Martin

Horizon have managed our investment portfolio for the past 8 years, through some challenging economic changes. Their advice has always been first class and consistently provided us with a balanced and educated analysis of prevailing markets. Equally, Horizon take on board our opinions regarding investment priorities and go out of their way to understand our changing circumstances. Always courteous, always professional. A good friend.

Joan & Ian

When your investment portfolio is handled by experts, and year after year produces positive results, you know you are with a professional company. Throughout challenging times Horizon Associates has consistently kept me well informed, offering expert advice and guidance.
Their expertise and up to date knowledge have always ensured that my investment has been steered through the correct funds, to achieve the maximum results.
Horizon is always informative, courteous and proficient. I highly recommend them.

Maria

Horizon Associates Ltd & BM Horizon Associates Ltd Privacy Policy

Horizon Associates Limited (Seychelles) & BM Horizon Associates Limited (Cyprus) are both privately owned companies who share the same shareholders. Both referred to as Horizon Associates for the purpose of this policy. The Horizon Associates website provides information for European based residents which is non-regulated and for non-European residents which is regulated. For Non-EU business, Horizon Associates offer Investment Advice and Insurance Brokerage services to applicable jurisdictions via Financial Services Network Ltd, regulated by the Mauritius Financial Services Commission License No. C116016070. www.fsn-ltd.com. Horizon Associates partnership and data sharing agreement with Financial Services Network Ltd ensures any Non-EU personal data sharing is protected via third party data sharing agreements containing European Commission approved Standard Contractual Clauses.

 

Risk Warning: Any investment in financial instruments entails substantial risks, the degree of which depends on the nature of each investment, and may not be suitable for all investors. The value of any investment may increase or decrease in value and investors may lose all their invested capital.

 

This privacy policy will explain how our organisations use the personal data we collect from you when you use our website or become a Horizon Associates client. 

 

What data do we collect?

Horizon Associates shall collect and process personal information necessary to fulfil legal and regulatory requirements for the provision of Horizon Associates services and to improve our services to you. Horizon Associates gathers personally, identifiable information that may be used, either alone or in combination with other information, to personally identify, contact or locate you and may in certain circumstances, share information with third parties which will help Horizon Associates to construct a profile based on your requirements and preferences to provide our services effectively.

 

Such information shall include: 

  • Information about you that you give us by filling our client forms/agreements, or by corresponding with us by phone, e-mail, in person or otherwise. It includes information you provide when you choose to use our services, participate in any company event and when you send any information to us under any capacity. The information you give us may include your name, address, e-mail address and phone number, financial information, personal description and photograph.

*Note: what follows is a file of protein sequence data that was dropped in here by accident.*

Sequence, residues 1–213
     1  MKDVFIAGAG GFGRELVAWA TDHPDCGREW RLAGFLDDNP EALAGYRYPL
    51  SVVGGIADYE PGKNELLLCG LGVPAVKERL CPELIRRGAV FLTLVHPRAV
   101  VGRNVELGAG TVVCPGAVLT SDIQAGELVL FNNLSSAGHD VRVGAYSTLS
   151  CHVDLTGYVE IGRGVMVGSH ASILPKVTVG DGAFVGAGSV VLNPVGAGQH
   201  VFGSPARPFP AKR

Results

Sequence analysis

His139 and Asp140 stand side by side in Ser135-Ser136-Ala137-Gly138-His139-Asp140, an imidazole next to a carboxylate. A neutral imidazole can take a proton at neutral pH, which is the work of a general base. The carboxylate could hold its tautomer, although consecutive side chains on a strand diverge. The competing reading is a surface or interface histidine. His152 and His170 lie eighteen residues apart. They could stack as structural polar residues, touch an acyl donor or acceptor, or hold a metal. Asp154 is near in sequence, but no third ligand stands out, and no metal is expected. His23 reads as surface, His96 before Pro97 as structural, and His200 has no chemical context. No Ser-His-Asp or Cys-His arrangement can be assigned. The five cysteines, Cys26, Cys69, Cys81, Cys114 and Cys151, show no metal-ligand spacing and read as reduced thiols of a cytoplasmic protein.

• Information we collect/receive from other sources about you if you use any of the services we provide and/or professionals we partner with. We are working closely with third parties including, for example, business partners, brokers, vendors, insurers, platforms, fund houses, trustees, search information providers, credit reference agencies. Such partnerships will be notified to you in the beginning or during the course of our relationship and the extent to which such partnerships are required to provide our services to you, such notification can be in the form of additional application forms of such partners or access to their website/platform and in such case shall be covered by GDPR in their own right as applicable.

In order for Horizon Associates to provide the most appropriate financial services and products to you Horizon Associates have data sharing agreements with the following companies, and your personal data may be shared securely with them:

API Global Ltd, SkyBound Wealth Management, Arkadia Bespoke Services, IP Global Ltd, Cypeir Properties Ltd, Moennez Holdings Limited, CPZ Property Limited, Vistra Group, UK Legal Wills.

 

 

As a client you are responsible for the true and accurate nature of the personal information you provide to Horizon Associates. Your personal information and/or data shall be checked when it is collected and at regular intervals thereafter, if any personal information is found to be inaccurate or out-of-date, all reasonable steps will be taken without delay to amend or erase that data, as appropriate. You are required to keep the company informed of any changes in personal information by emailing our Support Department at admin@horizon-associates.net.

Use of your Personal Data

Horizon Associates uses your personal information only as legitimate interest for the performance of our services to you, to improve our services, and enable us to inform you of any additional products, services or promotions relevant to you and in this respect. If you no longer wish to receive any promotional communication, you may opt-out of by contacting Horizon Associates via the Contact us page on the Company’s website or send an email to our Support Department at admin@horizon-associates.net.